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7. Close Reading – 5.11
About this Lecture
In this module, we provide a close reading of Book 5, Section 11 ("Interea Psychen … mortalem"), focusing in particular on: (i) the elaborateness of Apuleius' prose; (ii) the context of 5.11 in the wider story – what has happened up to this point?; (iii) the possible allegorical readings of this passage; (iv) the extent to which the narrative includes the value judgements of the narrator; (v) Apuleius' use of hypotaxis to add texture and variety to his prose, combining ablative absolutes with present participles; (vi) the character of Cupid; (vii) the use of military language to describe Fortune's 'attack' on Psyche, and the parallels with Fortune's attacks on Lucius; (viii) Apuleius' style: compound verbs (praecaves), neologisms (lupulae), oxymoron (non videbis si videris), pleonasm (ergo igitur) and polyptoton (infantilis … infantem); (ix) the theme of vision of blindness; (x) the link between the description of the sisters as "witches" (lamiae) and the actual witches that Lucius has encountered earlier in the text; (xi) Cupid's limited powers of prophecy; (xii) the character of Psyche: her 'simple innocence' (simplicitas), 'tender-heartedness' (teneritudo) and her 'curiosity' (curiositas); and (xiii) the links between Psyche at this point in the story and the story of Lucius generally.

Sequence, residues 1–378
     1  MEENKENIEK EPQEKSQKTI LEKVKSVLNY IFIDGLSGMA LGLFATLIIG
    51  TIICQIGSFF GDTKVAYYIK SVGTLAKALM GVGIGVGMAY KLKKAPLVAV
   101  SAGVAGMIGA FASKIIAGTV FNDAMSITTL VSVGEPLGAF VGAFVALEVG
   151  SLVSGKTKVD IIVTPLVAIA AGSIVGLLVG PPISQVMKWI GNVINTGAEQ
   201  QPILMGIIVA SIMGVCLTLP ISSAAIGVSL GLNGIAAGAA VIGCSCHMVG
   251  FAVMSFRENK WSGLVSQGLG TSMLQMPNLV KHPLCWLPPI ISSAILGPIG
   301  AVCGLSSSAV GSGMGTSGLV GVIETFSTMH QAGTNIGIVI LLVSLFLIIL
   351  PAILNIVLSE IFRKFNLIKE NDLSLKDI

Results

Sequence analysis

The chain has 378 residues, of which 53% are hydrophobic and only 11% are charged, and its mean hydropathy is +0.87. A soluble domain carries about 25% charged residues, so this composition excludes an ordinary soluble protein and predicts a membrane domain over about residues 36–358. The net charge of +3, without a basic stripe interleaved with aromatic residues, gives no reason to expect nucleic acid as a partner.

In this course, Professor Costas Panayotakis (Glasgow University) explores the story of Cupid and Psyche in Apuleius' Metamorphoses. In the first module, we provide a brief introduction to Apuleius and his Metamorphoses, before turning in the second and third modules to the genre of the Metamorphoses, its title(s) – including its more famous 'unofficial' title, The Golden Ass – and its overarching structure. After that, in the fourth module, we think about the Greek original on which Apuleius' text is based, before turning in the fifth module to consider the (unusual) final book of the novel, in which Lucius becomes a priest of Isis. In the sixth module, we think about some of the many literary allusions in Apuleius' text – including the echoes of Virgil, Ovid and Greek Tragedy. Finally, in the seventh and eighth modules, we go through two sections of the set text line by line, providing close reading and analysis – 5.11 and 5.22-23.
Costas Panayotakis is Professor of Latin at Glasgow University. His research interests are on Latin fiction, especially of the Neronian period, and on Roman comic theatre of the Republic. He is currently working on a critical edition of the fragments of Fabula Atellana and a translation and commentary on the sententiae of the Syrian mime-writer Publilius.
Cite this Lecture
Panayotakis, C. (2021, February 19). Apuleius: Cupid and Psyche - Close Reading – 5.11 [Video]. MASSOLIT. https://www.massolit.io/courses/apuleius-cupid-and-psyche-panayotakis/close-reading-5-11
Panayotakis, C. "Apuleius: Cupid and Psyche – Close Reading – 5.11." MASSOLIT, uploaded by MASSOLIT, 19 Feb 2021, https://www.massolit.io/courses/apuleius-cupid-and-psyche-panayotakis/close-reading-5-11